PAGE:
Eating disorders – Nilsson

The research of our team is focused on the Neurobiology eating disorders, in particular Anorexia Nervosa. Eating disorders are serious psychiatric disorders characterized by persistent problems concerning food intake, often combined with preoccupation about body weight and shape. Currently effective pharmacological or other biological target-directed therapy are lacking, in large due to the fact that the biology behind how these disorders develop and are perpetuated is unknown. This is illustrated by the high chronicity (10-20%) and mortality of Anorexia Nervosa (10%). Anorexia Nervosa is in fact the most lethal of the psychiatric disorders. Approximately 1% of women and 0,1% of men are affected by Anorexia Nervosa some time throughout life. Almost twice as many are affected by Bulimia Nervosa. In addition, it has been estimated that 10-20% of all women display abnormal eating behavior and/or have a complicated relation to food, without being diagnosed with an eating disorder.

We know that those that are affected seem to have a hereditary sensitivity to external stimuli, often dieting, triggering the disorder. In fact, 50-80% of the background of Anorexia Nervosa is attributed to genetic factors.

Food intake and self-starvation are central problems in Anorexia Nervosa. It is hard to grasp how the bodies of individuals with AN are able to defend extremely low weights for such a long time, commonly for years and sometimes to the point of death. A large proportion of our research is subsequently focused on the mechanisms in the brain controlling appetite and energy balance. These mechanisms are centered to the hypothalamus. The hypothalamus receives signals about energy status from the periphery, such as circulating leptin and insulin levels, and transforms this information to an appropriate response – to eat or not to eat.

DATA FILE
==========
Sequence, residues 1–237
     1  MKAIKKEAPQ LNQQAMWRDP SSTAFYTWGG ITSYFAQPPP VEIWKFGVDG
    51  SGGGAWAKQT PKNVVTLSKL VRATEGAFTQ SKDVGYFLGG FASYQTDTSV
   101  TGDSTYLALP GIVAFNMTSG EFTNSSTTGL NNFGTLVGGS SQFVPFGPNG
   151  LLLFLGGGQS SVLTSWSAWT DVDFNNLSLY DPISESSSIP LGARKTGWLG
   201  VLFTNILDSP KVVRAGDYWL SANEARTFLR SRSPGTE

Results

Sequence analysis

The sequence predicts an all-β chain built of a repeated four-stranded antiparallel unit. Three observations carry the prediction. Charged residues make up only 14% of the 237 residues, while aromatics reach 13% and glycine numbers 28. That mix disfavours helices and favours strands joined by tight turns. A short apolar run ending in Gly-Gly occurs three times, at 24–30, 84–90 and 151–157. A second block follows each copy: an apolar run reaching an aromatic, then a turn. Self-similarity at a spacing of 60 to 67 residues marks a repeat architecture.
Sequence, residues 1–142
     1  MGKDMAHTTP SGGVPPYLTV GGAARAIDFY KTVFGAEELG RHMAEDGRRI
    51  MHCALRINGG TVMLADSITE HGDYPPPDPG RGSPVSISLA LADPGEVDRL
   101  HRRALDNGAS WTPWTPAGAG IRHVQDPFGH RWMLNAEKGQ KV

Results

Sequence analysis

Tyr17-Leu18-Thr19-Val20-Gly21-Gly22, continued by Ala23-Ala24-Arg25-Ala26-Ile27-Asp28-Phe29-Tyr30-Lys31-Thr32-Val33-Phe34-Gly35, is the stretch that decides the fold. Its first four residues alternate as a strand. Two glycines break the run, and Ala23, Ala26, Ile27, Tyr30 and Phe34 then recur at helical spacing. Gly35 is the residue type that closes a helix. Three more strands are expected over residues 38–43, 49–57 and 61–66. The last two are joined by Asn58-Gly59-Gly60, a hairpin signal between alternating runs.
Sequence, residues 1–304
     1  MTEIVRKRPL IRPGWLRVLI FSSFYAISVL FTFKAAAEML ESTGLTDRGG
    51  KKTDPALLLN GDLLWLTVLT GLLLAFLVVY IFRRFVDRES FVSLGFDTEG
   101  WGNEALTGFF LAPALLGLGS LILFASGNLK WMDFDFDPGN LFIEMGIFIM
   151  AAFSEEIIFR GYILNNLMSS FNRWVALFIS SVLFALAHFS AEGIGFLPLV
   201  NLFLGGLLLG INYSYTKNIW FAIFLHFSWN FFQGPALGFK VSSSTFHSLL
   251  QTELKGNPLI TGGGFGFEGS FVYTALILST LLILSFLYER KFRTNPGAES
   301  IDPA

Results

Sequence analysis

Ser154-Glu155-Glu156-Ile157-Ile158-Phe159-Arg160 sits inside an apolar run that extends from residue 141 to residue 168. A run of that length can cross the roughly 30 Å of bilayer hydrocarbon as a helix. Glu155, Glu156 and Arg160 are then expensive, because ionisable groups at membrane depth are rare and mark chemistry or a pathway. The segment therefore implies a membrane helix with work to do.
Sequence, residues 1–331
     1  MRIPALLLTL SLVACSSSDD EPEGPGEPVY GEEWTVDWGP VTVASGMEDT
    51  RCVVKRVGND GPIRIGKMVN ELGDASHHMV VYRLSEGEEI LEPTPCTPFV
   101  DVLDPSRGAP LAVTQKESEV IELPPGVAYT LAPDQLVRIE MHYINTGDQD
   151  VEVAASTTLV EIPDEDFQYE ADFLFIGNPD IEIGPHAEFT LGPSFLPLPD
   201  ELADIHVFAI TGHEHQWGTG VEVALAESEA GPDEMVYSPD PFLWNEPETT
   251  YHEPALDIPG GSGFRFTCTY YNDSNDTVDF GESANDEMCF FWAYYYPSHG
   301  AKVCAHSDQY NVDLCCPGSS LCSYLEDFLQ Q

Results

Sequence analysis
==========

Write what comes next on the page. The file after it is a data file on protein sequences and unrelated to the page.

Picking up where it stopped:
The overall goal for our group is to understand the molecular mechanisms involved in hypothalamic regulation of food intake, in particular in relation to anorexia, this in order to offer new target molecules that may assist in the development of evidence based clinical practice and promote individualized therapy of eating disorders.


If you would like to support this area of research you could do that by using the following accounts:

BG 628-4418
PG 514114-8
State: Ida Nilsson

If you are outside of Sweden, please use the following information:

Bank: SEB, Stockholm, Sweden
Account No. 5201-11 370 12
Iban-number: SE16 5000 0000 0520 1113 7012
Bic-code (the bank´s electronic address): ESSESESS
Account holder: Center for Molecular Medicine Foundation
L8:05, Karolinska University Hospital
171 76 Stockholm, Sweden

CMM Research Groups




Cardiovascular and Metabolic Diseases